RUBENS AND BRUGEHEL COLLABORATE

I had an impossible time photographing this painting due to the skylight reflections, a problem I’ve mentioned previously.  I took a general one (had to get my picture beside it :-)), and then I took a few closeups. Here is the painting and the information posted alongside:

RubensBrughelMarsha

The Return from War: Mars Disarmed by Venus, 1610-12, Peter Paul Rubens, Flemish, 1577-1640; Jan Brueghel the Elder, Flemish, 1568-1625, Oil on panel

“In a secluded corner of Vulcan’s forge, Venus disarms her lover Mars, the god of war, with the playful help of her cupids. Love’s victory over Strife was understood in this period as an allegory of peace, and the subject may reflect contemporary hope for concord following the signing of the Twelve-Year Truce that ended the decades-long conflict in the Netherlands. The harmonious combination of reflective armor and creamy flesh resulted from the collaboration of Brueghel, who painted the setting and armaments, and Rubens, who painted the figures.”

Here are some closeups:

RubensBrueghelTheReturnFromWarCloseup

RubensBrueghelTheReturnFromWarCloseup1

RubensBrueghelTheReturnFromWarCloseup2

The Calydonian Boar Hunt, about 1611-12, Peter Paul Rubens, oil on panel

“This recently discovered painting is Ruben’s earliest hunt scene. In the early 1610s Rubens devised new and highly influential imagery of great physicality and emotional intensity–heroic combats between man and beast that transformed Baroque art.”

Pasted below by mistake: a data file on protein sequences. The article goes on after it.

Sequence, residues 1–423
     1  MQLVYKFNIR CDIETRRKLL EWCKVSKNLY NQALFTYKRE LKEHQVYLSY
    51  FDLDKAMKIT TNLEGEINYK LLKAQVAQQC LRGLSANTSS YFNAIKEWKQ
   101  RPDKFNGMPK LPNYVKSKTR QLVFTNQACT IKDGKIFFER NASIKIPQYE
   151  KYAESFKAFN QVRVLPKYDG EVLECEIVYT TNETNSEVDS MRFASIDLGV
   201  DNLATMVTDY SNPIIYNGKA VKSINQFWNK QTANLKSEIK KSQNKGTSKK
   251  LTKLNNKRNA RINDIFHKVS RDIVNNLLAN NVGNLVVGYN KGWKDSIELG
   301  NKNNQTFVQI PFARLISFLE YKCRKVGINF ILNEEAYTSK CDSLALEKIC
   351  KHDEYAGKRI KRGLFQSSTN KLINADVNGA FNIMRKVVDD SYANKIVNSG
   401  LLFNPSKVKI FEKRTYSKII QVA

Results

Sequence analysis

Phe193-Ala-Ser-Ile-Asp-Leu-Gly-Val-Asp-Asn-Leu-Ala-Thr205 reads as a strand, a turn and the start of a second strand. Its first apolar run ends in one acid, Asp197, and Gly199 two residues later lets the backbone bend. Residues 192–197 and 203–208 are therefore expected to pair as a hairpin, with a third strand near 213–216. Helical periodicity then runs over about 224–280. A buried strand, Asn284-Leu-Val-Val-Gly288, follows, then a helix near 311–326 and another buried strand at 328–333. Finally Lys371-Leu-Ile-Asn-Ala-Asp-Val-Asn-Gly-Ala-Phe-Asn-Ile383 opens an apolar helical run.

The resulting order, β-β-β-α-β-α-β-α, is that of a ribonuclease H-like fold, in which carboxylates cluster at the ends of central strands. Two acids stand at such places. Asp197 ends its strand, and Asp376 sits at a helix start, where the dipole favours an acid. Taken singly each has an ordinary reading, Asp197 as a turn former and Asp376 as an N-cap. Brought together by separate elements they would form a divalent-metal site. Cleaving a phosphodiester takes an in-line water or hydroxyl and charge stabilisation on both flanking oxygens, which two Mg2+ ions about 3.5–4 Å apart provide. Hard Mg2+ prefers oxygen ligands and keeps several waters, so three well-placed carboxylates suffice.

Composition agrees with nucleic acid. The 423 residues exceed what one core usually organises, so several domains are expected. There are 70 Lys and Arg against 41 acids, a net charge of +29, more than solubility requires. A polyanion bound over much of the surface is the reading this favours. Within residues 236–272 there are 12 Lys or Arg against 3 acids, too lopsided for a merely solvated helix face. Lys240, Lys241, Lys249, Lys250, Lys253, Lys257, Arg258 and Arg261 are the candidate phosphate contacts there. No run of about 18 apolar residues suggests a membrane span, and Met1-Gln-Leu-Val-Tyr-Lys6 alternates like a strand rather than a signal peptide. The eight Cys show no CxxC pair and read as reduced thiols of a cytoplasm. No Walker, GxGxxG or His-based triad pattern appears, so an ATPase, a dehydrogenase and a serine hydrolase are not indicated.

“The hunt of the Calydonian boar, a terrifying beast sent by the goddess Diana to punish King Oeneus, was a rare subject in painting. Rubens depicts the climax of the myth, when Meleager delivers the mortal thrust of the spear into the boar’s shoulder. The robust figures recall the classical sculpture from which he drew his inspiration. Rubens’ energetic and varied brushwork relates both to his brilliant oil sketches and to his polished cabinet paintings. He may have kept this work in his studio as a source of inspiration.”

RubensTheCalydonianBoarHunt1

A second take:

RubensTheCalydonianBoarHunt2

And some closeups:

RubensTheCalydonianBoarHuntCloseup

RubensTheCalydonianBoarHuntCloseup1

RubensTheCalydonianBoarHuntCloseup2

And lastly for today, a Rubens’ sketch:

The Meeting of King Ferdinand of Hungary and the Cardinal-Infante Ferdinand of Spain at Nordlingen, 1635, Peter Paul Rubens

“This sketch was made for a monumental canvas that decorated a triumphal arch erected for the ceremonial entry into Antwerp by the Cardinal-Infante Ferdinand of Spain. It celebrates an alliance between Catholic rulers shortly before their combined armies scored a victory over Protestant forces in 1634. Rubens’ oil sketches are admired for the spirit and economy with which they present the main elements of his grand compositions.”

RubensSketchTheMeetingOfKingFerdinandOfHungary1

Note: All text in quotes is taken from the Getty or de Young museum placards posted beside paintings.

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